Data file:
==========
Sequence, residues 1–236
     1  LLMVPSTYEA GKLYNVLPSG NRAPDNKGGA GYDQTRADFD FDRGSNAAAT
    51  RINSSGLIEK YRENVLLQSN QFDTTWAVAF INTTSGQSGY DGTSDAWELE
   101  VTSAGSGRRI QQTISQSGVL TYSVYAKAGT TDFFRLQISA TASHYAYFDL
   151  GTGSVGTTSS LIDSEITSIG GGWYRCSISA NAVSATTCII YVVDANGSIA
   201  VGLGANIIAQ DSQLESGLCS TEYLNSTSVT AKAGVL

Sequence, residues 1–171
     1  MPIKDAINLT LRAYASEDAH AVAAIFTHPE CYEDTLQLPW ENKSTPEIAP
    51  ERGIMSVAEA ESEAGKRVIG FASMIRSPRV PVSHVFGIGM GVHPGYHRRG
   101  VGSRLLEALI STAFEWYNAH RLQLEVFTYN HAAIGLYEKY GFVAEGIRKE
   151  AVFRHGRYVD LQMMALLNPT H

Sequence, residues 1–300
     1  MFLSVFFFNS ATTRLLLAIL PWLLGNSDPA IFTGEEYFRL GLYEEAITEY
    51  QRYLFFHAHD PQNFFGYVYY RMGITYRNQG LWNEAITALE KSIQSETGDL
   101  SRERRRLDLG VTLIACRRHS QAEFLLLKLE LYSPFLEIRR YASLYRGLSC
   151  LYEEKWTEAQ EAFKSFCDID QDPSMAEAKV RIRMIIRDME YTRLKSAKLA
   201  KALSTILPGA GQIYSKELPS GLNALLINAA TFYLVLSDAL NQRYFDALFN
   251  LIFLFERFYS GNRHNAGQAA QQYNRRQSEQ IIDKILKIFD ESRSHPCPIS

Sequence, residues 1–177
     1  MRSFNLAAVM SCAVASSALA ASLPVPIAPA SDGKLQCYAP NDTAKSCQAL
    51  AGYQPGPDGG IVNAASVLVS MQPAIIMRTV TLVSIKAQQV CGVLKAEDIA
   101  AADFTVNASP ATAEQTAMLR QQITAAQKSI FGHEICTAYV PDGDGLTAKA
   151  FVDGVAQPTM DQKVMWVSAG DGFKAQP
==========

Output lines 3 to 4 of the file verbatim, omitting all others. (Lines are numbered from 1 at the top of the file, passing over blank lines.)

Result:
    51  RINSSGLIEK YRENVLLQSN QFDTTWAVAF INTTSGQSGY DGTSDAWELE
   101  VTSAGSGRRI QQTISQSGVL TYSVYAKAGT TDFFRLQISA TASHYAYFDL